The following scenario is derived from incidents reported to CHPSO:
A stable, ventilator-dependent patient (KP) was placed in a room across from the nurses’ station. The nurse caring for this patient then received a post-operative patient whose condition was deteriorating. A code was called for the post-op patient and several staff in the area responded to assist. During this emergency, KP’s ventilator tubing had become disconnected and the ventilator started alarming. However, no one responded to the alarm until a custodian passing by approached the nurses’ station and notified the unit clerk that he had noticed an alarm coming from KP’s room for several minutes and wanted to make sure someone was notified. At this point, the clinical staff realized that KP was quickly deteriorating and immediately responded. Unfortunately, they could not resuscitate KP.
Diffuse responsibility is a recognized safety concern in clinical alarm management. In order to manage the large amount of noise in busy and monitored environments, clinicians often “tune out” alarms that are not related to their own patient assignment. There is an underlying assumption that someone else is responding to an alarm associated with another clinician’s patient. Personnel in the area who are not clinicians are intimidated by alarms and assume that a clinician will respond. One approach to solving this issue is to implement the “No Pass Zone.”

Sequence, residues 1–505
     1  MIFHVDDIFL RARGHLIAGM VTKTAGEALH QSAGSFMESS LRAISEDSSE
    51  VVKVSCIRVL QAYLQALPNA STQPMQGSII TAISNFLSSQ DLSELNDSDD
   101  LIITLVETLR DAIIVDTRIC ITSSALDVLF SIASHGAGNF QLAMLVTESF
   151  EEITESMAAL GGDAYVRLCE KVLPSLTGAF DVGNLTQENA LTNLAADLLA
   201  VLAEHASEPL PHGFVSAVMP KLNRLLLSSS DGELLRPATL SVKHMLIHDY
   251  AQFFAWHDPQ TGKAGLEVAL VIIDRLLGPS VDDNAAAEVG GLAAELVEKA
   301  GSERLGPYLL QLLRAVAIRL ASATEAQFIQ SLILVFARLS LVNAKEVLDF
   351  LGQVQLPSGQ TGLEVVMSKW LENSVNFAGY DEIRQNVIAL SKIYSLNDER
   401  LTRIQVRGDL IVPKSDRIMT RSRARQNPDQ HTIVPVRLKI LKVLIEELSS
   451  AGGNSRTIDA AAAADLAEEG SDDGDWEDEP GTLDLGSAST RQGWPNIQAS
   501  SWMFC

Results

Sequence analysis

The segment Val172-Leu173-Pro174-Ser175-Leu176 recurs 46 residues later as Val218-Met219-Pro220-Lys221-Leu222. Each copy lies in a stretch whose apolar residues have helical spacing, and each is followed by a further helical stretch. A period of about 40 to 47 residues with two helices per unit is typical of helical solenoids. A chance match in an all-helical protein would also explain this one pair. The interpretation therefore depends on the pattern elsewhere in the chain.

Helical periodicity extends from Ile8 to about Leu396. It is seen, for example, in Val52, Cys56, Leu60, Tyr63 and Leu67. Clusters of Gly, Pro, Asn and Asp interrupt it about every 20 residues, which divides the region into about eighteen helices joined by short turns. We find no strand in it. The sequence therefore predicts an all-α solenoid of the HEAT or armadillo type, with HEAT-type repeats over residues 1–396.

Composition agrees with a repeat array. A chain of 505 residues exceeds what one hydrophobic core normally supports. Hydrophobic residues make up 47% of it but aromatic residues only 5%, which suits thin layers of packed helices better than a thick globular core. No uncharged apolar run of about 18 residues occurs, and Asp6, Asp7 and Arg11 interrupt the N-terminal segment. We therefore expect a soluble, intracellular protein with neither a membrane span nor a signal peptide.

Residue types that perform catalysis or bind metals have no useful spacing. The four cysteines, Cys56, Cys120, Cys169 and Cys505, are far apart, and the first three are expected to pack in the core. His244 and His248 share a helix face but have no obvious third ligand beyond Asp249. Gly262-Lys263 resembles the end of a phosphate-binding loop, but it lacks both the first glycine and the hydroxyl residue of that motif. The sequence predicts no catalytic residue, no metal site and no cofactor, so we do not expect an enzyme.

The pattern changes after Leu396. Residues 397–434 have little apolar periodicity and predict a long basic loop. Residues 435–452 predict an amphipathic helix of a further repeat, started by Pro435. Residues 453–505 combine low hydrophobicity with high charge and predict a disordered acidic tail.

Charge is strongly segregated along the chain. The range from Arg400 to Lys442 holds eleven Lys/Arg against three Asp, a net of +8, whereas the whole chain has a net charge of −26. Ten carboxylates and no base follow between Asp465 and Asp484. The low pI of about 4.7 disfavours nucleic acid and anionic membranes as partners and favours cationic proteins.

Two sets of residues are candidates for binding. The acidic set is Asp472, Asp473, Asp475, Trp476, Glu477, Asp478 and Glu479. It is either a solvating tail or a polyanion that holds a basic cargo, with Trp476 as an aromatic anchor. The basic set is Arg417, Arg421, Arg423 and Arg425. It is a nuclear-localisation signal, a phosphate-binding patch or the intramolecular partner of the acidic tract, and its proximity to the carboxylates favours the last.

Eight-month old Maddie Sims was ejected from a car and
transported by EMS to the hospital. She was cyanotic on arrival.
A team of Children’s Hospital Los Angeles (CHLA) techs, nurses
and physicians packed around Maddie’s bedside.
Zero really means Zero and Patient Safety First (PSF) is looking
to engage all PSF participating hospitals in 2014 to have ZERO
Retained Surgical Items. Maybe things are great with your sponge
management practices and you haven’t had any events, BUT there is
continual abrasion between hospital staff and medical staff
around x-ray policies in the OR, needle management strategies, or
cases of retained guidewires, device fragments or a retained
instrument or towel.
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We are pleased to announce that we have received nearly 150,000
event reports to date, and the number of hospitals submitting
events is increasing. Proper analysis of selected events requires
reading the textual narrative involved, which is time-intensive.
Consequently, CHPSO Patient Safety News, formerly issued
monthly, will now be issued every other month. This change is
intended to allow us to provide articles based upon deeper
analysis of the events we are receiving.
The California Hospital Patient Safety Organization is one of the
largest Patient Safety Organizations in the nation, serving
hospitals in the Western United States. CHPSO confidentially
collects and analyzes patient safety data, develops and shares
best practices, and helps individual hospitals accelerate safety
improvement. More than 300 institutions have joined in this quest
to eliminate preventable patient harm. CHPSO collaborates with
hospital associations to ensure an integrated approach.